The NY Times Finally Gets it on Iraq: The Situation is Dire

By John Galt
July 30, 2011

The New York Times is breaking what will be the most under reported story of the weekend thanks to the manufactured crisis in Washington in the Sunday print edition. The United States has been falsely claiming under the pretense of political advancement via two Presidents that the Iraqi situation has been stabilized and victory achieved. Reality on the ground, along with the dictates of the news from nations and media outside the sphere of our mainstream propaganda influence, are telling a tale of total anarchy in parts of the South and East of the nation. Kurdistan appears to be ready to declare separation and independence  in the north and oil rich regions to protect their citizens. Lastly, genocide and forced evacuations of minority religious groups and tribes,especially Christians in the central parts and West of the nation, and a historical schism between Shi’ites and Sunni sects are causing violence to flare up almost daily throughout many parts of the nation.

Yet our leadership declares for the latest Gallup poll that famous phrase:

“Mission Accomplished”

Unfortunately for President Obama and the prior administration, years after our invasion of Iraq the New York Times catches up to the region’s media with this story:

U.S. Report Finds Security Deteriorating in Iraq

After years of a politically correct war needlessly putting our friends and neighbors in uniform at risk and enriching selected contractors and corrupt officials in Baghdad, the nation appears hell bent on proceeding to the next, inevitable step of civil war as many of us have been predicting. The unnatural creation of this colonial territory which was declared a nation of Irak for purposes of British administration is finally ready to shatter back into its natural state of tribal and sectarian conflict and the edicts of the modern world are irrelevant to the majority of its inhabitants. This is the nation, not Egypt, not Saudi Arabia, and not Libya which will determine the reality of Middle Eastern politics and conflict for decades forward. Yet the administration and its rank amateurs continue to believe that the model provided by professors from extremist viewpoints of Marxist globalist ideals shall hold sway over people who have been at war with each other for over 1200 years.

The story in the New York Times highlighted the sectarian violence in the Diyala province, irregular utilities, and the inherent corruption of the central government,  but fails to to focus on other areas of contention these pages have been covering in depth for the quite some time:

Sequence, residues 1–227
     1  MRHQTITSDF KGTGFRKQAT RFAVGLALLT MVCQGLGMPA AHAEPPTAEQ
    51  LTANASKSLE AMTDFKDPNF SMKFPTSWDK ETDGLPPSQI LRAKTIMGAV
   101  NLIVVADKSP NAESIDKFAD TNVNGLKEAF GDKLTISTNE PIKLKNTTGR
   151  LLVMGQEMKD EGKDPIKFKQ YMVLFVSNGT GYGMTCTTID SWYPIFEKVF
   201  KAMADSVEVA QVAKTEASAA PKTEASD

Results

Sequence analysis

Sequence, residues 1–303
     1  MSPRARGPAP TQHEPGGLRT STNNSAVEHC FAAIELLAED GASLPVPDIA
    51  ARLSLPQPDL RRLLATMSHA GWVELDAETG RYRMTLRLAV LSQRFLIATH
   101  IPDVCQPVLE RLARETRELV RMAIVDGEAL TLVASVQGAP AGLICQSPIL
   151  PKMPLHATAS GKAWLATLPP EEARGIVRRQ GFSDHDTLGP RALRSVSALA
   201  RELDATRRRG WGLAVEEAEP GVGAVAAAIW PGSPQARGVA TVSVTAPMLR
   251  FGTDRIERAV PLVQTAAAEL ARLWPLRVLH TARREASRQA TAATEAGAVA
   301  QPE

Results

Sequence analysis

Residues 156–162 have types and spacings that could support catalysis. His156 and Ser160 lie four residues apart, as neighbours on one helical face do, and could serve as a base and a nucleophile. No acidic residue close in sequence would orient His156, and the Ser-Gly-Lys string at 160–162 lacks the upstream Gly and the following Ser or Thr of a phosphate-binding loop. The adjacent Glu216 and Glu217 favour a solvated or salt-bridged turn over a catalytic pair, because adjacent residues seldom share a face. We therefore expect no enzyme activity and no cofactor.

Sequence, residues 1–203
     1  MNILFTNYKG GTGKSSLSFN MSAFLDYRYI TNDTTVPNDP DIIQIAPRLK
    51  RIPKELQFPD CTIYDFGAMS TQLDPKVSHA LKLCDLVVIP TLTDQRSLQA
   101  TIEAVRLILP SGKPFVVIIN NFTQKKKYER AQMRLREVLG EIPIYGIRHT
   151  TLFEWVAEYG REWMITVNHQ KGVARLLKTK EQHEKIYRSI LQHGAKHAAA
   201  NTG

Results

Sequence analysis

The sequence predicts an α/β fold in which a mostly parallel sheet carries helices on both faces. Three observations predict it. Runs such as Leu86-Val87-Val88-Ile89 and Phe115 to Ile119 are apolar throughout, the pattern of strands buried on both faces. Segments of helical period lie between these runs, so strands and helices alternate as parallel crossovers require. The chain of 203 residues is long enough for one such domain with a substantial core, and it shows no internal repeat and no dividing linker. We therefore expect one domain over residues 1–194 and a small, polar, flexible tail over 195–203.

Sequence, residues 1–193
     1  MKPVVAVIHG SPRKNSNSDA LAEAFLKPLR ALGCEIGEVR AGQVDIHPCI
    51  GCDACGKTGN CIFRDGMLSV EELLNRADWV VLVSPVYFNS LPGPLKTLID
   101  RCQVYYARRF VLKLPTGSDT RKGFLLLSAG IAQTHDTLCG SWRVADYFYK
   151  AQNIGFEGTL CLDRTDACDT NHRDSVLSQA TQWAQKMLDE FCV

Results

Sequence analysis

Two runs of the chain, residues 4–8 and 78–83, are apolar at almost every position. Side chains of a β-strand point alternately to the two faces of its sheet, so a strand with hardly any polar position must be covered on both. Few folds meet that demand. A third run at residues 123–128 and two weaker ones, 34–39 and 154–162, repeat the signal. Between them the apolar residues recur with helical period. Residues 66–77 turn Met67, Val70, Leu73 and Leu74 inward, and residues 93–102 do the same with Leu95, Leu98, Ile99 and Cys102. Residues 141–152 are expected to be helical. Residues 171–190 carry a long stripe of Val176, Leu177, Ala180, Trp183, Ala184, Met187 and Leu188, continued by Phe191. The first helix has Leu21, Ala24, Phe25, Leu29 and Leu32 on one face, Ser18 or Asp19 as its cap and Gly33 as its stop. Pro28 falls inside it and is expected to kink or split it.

– Kurdistan is preparing for direct conflict with Iran and Turkey on Iraqi territory in the months ahead due to the uncontrolled activities of the PKK.

– The key oil producing regions under Kurdish control near Kirkuk are preparing to cut off the oil revenues to the central government if it fails to provide an equal seat of representation and power in Baghdad for their quasi-independent nation.

– Iranian influence is now stretching from the border regions of Kuwait through Basra and up through the Eastern reaches of the nation attacking Sunni figures and government agents with impunity in an attempt to destabilize the nation and put pressure on Kuwaiti leaders and on Saudi Arabia’s domestic Shi’ite population.

– The Sunni majority is in conflict with not only the Kurds and Shi’ites but debating on what role to take within the internal conflicts within Jordan and Syria to their west which is pressuring their border territory. In addition to this problem, the internal corruption is giving rise to more fundamentalist representatives of the Sunni religious leadership, destroying the sway of the current secular representatives hand picked by the United States.

As the U.S. withdrawal accelerates, look for the various powers in the region from Ankara, Riyadh, and Tehran to attempt to redraw the map and eradicate the minority interests so the petroleum wealth and religious ideals can be carved up to insure stability for their own nations and an end to centuries old conflicts in a nation that by all rights should not even exist. I look forward to reading the report in detail when it is placed into the Congressional record to see if the portions above not reviewed by the New York Times are included and their interpretation of future stability in Iraq.



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